MILAN — Ittierre SpA may have secured the Just Cavalli license for another five years and perhaps its future as well, WWD has learned.
According to sources, Roberto Cavalli could sign a new contract in the next 24 hours, after being won over by Ittierre’s special administrators and their plans for his younger line. The current deal expires in 2010.
If Cavalli does so, it would mark a turning point for Ittierre, which filed for the Italian equivalent of Chapter 11 bankruptcy protection in February after running out of cash. Just Cavalli is Isernia, Molise, Italy-based Ittierre’s biggest license, generating revenues in 2007 of around 240 million euros, or $329 million, and is highly profitable. Ittierre’s other licenses include C’N’C Costume National, Galliano, VJC Versace and Versace Sport.
Dollar figures were converted at average exchange rates for the periods to which they refer.
A spokeswoman for Cavalli could not be reached for comment at press time.
A new deal would be the second major achievement for administrators Andrea Ciccoli, Stanislao Chimenti and Roberto Spada, who secured a 30 million euro, or $39.7 million, line of credit from five Italian banks at the end of February, allowing Ittierre to restart its engines and continue day-to-day operations.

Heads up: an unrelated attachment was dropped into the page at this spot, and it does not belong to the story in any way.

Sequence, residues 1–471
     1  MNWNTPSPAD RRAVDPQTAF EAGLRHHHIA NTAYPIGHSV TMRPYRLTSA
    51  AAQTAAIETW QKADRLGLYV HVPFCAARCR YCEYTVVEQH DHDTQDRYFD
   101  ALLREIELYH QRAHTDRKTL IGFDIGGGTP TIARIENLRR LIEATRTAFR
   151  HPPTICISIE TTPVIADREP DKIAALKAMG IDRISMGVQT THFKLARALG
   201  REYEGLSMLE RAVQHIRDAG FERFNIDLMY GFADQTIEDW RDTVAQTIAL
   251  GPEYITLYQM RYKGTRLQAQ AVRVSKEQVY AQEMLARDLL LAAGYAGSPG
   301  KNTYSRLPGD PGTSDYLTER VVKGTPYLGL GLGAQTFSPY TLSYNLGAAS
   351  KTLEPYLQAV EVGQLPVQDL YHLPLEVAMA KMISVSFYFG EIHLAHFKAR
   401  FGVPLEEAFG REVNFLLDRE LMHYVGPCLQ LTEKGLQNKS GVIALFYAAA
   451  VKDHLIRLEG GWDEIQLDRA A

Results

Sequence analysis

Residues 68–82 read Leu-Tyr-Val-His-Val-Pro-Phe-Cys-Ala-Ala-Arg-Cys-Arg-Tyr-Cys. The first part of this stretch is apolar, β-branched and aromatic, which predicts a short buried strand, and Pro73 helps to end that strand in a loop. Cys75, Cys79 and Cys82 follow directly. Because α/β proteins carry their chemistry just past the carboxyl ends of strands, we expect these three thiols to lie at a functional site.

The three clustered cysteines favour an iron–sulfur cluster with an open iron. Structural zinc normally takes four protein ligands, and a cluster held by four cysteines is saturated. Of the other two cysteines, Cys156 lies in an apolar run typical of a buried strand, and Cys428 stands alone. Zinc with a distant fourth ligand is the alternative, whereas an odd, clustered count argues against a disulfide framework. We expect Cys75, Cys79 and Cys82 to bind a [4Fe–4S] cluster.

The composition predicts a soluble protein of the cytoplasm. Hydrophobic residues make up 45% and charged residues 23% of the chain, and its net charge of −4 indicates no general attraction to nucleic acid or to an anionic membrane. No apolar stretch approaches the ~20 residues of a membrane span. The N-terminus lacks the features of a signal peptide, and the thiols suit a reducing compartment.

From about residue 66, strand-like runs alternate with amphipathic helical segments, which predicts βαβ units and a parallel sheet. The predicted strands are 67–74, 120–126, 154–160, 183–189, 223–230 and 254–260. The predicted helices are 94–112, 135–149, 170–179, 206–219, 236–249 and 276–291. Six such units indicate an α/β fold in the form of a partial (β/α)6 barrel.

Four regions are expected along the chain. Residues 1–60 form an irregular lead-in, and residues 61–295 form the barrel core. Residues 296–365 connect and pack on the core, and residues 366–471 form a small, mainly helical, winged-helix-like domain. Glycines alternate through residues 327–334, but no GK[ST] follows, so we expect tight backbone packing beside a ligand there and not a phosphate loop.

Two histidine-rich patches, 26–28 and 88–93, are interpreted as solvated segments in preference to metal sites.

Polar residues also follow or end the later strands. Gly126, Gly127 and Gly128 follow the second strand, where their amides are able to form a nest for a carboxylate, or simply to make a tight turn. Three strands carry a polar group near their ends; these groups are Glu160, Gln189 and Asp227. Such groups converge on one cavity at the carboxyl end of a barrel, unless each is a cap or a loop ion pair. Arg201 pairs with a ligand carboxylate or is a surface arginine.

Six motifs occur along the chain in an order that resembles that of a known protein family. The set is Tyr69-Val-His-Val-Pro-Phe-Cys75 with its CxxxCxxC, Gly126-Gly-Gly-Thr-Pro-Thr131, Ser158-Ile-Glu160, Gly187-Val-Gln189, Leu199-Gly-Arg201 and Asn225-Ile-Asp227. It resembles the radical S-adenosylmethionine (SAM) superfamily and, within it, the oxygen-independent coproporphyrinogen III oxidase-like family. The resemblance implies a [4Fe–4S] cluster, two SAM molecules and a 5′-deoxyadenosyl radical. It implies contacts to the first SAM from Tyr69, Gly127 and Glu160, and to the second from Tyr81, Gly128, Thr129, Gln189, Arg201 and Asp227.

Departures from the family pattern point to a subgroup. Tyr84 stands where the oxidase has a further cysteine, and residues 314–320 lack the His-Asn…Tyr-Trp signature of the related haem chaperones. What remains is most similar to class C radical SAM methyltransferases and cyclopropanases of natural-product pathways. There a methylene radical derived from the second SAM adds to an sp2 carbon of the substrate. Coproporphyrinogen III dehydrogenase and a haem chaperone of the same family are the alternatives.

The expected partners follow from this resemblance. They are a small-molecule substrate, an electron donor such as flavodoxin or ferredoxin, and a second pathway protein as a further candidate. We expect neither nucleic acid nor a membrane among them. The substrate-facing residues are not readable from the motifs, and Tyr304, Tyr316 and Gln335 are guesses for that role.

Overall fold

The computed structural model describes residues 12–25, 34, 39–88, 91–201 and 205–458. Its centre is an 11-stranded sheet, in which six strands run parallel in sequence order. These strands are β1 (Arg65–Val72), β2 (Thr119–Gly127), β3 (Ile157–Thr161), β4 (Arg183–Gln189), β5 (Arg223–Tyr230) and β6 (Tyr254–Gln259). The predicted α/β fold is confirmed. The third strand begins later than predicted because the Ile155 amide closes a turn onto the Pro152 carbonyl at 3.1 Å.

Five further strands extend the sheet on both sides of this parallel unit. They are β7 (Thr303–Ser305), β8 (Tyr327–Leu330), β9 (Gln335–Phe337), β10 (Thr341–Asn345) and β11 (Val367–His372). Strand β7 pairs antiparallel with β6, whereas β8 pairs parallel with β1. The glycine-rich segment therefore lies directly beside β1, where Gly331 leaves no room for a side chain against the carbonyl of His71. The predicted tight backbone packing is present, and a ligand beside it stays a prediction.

“The company would be on track financially and strategically,” sources said Thursday. “This changes the perspective for everyone and signals the company will make it.”
A renewal would also signal a U-turn for Cavalli, who blamed Ittierre for having to cancel Just Cavalli’s fall-winter runway show in February, citing delays and substandard production. At the time, Cavalli said he tried to terminate the contract “some months ago” for not having been paid 20 million euros, or $26.5 million, in royalties and questioned the administrators’ abilities to turn Ittierre around. He also said he was in discussions with other potential partners, including Renzo Rosso’s Staff International, and could even take Just Cavalli’s production in-house. Cavalli’s remarks led Ittierre to threaten legal action.
Cavalli gave the first indications that relations had thawed on Wednesday, telling WWD he was committed to Ittierre.
“I will personally call between 200 and 300 of the best stores [that carry Just Cavalli] to tell them that I’m involved and I will speak to the 400 [Ittierre] workers [at the factory] in Isernia,” Cavalli said at the time.
Ittierre employs 772 people.
Sources also said a new contract with Ittierre would strengthen Cavalli’s position in negotiations with Clessidra SGR SpA. Cavalli is in talks with the private equity firm to sell a 20 percent stake in his eponymous fashion company. He last met representatives from the fund on Tuesday, when they laid out what he described as an “interesting plan.”
With Cavalli on board, the administrators will step up efforts to renew contracts with other licensors before addressing Ittierre’s parent company, IT Holding SpA, sources said.
IT Holding, which owns the Gianfranco Ferré, Malo and Extè brands, followed its production and licensing unit into administration at the end of February.